After a horrible start to the year for Under Armour shareholders, a top Wall Street firm says there is no turnaround in sight for the sports apparel company.
Deutsche Bank lowered its rating for Under Armour shares to sell from neutral, citing the increasing product discounting at retail stores.
Under Armour shares fell 2.7 percent in the premarket session Tuesday after the report.
"We are downgrading UAA … as a difficult and promotional selling environment along with segmentation challenges dim our confidence in UAA's NT [near term] view, with ongoing changes in consumer preference and increased innovation from larger peers impacting our LT growth outlook," analyst Paul Trussell wrote in a note to clients Tuesday. "With margin dilutive investments necessary to drive growth … EPS upside is limited, in our view, and we therefore question the expensive valuation of this challenged growth story."
Under Armour shares have fallen 30 percent year to date through Monday compared to the S&P 500's 10 percent return. Most of the decline this year occurred after the company gave weaker-than-expected 2017 sales guidance in its fourth-quarter earnings report on Jan. 31.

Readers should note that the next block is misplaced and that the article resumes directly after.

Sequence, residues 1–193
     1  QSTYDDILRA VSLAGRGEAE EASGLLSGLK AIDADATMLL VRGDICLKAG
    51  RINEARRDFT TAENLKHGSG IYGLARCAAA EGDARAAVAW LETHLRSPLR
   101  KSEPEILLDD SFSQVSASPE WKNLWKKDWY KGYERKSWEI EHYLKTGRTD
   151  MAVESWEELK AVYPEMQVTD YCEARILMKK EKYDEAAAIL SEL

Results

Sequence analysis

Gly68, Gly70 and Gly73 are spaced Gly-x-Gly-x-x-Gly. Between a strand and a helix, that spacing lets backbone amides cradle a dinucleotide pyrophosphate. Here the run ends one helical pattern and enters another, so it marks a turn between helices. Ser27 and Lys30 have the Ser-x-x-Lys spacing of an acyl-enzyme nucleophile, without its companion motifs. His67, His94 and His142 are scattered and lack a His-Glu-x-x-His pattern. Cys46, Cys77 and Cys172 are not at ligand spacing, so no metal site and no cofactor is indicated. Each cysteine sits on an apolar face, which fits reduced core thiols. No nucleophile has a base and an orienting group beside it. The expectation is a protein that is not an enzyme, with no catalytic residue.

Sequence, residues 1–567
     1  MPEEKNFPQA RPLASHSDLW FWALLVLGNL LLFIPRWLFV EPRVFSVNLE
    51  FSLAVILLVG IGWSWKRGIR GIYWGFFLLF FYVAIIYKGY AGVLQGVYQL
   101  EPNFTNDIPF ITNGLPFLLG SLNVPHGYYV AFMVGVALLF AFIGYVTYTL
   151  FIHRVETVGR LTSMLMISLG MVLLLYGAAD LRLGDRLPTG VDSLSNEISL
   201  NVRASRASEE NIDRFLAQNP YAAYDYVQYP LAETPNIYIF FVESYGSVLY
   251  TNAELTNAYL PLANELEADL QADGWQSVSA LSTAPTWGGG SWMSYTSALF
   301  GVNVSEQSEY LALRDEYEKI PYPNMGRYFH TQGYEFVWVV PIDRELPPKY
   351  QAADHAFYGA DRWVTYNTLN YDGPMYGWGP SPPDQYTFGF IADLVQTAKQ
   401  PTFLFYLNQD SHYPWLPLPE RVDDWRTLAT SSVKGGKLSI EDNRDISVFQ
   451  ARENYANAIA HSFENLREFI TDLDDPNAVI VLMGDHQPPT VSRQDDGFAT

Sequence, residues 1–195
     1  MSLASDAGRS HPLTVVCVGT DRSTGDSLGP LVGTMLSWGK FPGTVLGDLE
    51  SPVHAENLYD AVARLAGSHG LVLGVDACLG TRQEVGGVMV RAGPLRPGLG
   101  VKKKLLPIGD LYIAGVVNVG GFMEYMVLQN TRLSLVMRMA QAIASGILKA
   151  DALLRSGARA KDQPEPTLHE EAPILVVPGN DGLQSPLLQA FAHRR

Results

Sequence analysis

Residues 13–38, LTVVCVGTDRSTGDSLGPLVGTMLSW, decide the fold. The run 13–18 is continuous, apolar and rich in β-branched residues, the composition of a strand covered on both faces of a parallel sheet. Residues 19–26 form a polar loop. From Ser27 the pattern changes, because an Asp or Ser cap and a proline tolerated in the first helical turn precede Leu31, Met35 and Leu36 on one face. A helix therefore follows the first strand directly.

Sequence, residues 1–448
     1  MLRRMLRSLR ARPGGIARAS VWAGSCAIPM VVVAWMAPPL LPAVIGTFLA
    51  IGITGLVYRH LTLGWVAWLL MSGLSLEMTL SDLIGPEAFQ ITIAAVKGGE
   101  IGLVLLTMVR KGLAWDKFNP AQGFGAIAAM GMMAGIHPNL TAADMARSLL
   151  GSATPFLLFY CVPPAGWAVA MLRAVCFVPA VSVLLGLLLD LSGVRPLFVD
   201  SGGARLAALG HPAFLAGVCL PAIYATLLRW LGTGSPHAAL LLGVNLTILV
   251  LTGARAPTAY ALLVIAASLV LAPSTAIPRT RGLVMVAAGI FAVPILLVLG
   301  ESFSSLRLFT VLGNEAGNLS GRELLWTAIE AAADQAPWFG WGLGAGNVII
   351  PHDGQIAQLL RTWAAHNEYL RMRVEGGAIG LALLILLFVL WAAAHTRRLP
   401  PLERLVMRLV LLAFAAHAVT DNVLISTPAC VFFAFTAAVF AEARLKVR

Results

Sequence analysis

The analyst reiterated his $17 price target for Under Armour shares, representing 16 percent downside from Monday's close.
Trussell cited Hibbett Sports second quarter sales and profit warning Monday. The sporting goods retailer preannounced a comparable sales decline of 10 percent versus the negative 2 percent consensus expectations. The analyst noted how Under Armour historically represented 16.5 percent of Hibbett's sales.
"In our view, a return to consistent double-digit growth in apparel & footwear is required to support the stock from current levels," he wrote. "We believe the company is falling short on drivers, however, as the segmentation strategy to date has been fumbled."
Under Armour did not immediately respond to a request for comment. The company will report second quarter earnings results on August 1.
The stock now has six sell ratings on it, according to FactSet, and only seven buy ratings, quite a bearish skew for a large cap company.
— CNBC's Michael Bloom contributed to this story.